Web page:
Conical styli tend to be the standard for lower-end, entry-level turntables. These record players are usually made with cheaper parts, and they often come with a built-in amplification system and onboard speakers for convenience. However, just because a record player has a conical stylus doesn’t necessarily mean it will produce inferior sound. Quite a few Audio-Technica turntables, for example, come with a proprietary conical cartridge that sounds great. 

Ultimately, conical styli are second place to their elliptical counterparts in terms of objective sound quality. However, before you decide to buy one, let’s discuss why the elliptical stylus can produce better sound.

The Elliptical Stylus

An elliptical stylus has a smaller surface area at its point, which means it’s hitting a much smaller area on a spinning record. This reduction in the surface area gives an elliptical stylus the ability to pick up a more precise range of frequencies, leading to a more accurate representation of the recording that you’re listening to.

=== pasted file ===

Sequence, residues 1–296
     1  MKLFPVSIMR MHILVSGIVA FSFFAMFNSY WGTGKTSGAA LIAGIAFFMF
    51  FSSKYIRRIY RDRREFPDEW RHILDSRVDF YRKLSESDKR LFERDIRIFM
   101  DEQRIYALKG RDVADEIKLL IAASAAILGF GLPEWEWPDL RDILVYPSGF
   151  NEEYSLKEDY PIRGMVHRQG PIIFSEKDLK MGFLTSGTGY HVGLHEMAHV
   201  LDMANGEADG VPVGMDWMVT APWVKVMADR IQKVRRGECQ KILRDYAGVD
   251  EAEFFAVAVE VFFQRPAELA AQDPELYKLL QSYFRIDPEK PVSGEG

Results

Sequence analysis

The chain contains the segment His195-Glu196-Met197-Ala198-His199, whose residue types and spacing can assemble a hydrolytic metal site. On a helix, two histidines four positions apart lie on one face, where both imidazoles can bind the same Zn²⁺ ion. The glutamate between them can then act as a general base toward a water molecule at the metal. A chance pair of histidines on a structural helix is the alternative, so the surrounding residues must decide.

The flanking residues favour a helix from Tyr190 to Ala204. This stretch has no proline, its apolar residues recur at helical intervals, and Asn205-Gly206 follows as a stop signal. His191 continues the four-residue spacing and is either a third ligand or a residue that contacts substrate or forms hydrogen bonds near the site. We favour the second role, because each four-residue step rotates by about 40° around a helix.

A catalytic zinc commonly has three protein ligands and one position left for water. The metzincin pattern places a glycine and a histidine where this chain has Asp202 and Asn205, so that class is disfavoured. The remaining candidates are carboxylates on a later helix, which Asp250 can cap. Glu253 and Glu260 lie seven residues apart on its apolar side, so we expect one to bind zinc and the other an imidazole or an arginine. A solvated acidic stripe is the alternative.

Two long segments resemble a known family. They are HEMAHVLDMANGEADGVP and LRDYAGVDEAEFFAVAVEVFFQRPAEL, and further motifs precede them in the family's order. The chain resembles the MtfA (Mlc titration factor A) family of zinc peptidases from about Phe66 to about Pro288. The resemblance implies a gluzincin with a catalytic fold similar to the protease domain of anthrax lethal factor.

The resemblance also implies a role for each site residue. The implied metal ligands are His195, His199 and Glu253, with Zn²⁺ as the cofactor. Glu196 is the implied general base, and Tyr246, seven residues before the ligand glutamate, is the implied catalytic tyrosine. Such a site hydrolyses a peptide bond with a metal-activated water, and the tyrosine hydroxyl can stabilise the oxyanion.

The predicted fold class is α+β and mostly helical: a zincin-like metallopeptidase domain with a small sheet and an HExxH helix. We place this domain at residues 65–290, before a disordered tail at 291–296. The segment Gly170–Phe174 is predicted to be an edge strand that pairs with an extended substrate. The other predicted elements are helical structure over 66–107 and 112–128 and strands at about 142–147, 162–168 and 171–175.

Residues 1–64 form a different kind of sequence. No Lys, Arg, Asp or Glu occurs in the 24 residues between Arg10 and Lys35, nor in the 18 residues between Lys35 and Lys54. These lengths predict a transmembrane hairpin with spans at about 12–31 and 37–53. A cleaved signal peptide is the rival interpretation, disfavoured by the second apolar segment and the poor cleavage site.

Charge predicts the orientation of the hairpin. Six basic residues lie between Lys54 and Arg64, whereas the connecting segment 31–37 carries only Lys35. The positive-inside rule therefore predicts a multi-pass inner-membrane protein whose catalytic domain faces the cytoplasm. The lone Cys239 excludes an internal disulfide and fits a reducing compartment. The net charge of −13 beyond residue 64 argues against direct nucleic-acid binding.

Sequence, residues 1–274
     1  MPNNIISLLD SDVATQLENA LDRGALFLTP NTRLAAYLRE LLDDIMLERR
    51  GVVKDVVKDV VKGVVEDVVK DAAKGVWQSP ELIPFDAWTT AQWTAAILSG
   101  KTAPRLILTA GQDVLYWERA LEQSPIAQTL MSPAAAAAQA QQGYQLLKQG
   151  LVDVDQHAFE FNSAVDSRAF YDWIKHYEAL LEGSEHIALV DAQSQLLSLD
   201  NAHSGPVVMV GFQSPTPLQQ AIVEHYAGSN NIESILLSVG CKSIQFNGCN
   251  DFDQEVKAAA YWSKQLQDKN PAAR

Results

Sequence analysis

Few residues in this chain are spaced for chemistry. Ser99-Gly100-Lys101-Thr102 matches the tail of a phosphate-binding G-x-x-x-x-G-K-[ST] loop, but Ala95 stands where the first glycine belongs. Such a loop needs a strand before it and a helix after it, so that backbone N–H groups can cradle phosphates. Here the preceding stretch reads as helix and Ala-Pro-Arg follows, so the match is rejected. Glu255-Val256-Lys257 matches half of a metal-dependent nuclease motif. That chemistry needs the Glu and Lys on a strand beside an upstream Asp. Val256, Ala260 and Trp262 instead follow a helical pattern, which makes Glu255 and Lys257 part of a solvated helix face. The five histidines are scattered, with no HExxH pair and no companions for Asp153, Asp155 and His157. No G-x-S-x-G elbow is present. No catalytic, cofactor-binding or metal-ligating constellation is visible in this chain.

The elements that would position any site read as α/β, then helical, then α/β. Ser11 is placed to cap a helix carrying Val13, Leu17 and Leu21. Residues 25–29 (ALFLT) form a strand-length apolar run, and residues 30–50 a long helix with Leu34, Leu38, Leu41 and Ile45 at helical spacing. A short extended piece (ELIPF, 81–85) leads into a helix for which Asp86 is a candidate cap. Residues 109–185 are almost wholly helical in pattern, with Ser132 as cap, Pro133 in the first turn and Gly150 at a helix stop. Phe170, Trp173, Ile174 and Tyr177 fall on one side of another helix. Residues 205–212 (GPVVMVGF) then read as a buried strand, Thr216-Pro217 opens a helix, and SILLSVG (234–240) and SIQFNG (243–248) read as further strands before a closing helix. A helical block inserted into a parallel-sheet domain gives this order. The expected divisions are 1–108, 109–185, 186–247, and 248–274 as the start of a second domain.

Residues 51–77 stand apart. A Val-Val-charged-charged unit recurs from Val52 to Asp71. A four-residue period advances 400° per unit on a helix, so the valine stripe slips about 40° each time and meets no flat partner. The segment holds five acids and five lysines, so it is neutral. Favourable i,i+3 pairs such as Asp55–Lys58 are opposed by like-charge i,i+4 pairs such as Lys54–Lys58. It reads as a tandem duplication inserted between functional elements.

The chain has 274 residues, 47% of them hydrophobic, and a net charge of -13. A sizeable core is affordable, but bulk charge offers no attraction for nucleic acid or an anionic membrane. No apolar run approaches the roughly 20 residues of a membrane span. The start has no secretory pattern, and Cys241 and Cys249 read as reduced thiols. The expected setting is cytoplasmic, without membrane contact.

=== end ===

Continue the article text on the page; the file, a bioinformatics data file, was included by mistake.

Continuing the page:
That precision is a big deal in terms of sound quality, which makes the higher price tag on an elliptical stylus worthwhile for many audiophiles.

 What About the Cartridge?

In most cases, you won’t be purchasing a conical or elliptical stylus on its own. Instead, you’ll get a cartridge, which comes equipped with a specific type of stylus. As a whole, the cartridge is one of the most important components on your turntable. Here’s everything you need to know about it.

The Parts of the Cartridge

In addition to the stylus, a cartridge contains four other main parts: the cantilever, the suspension, the coil, and the magnet. These components all work together to serve the following purposes: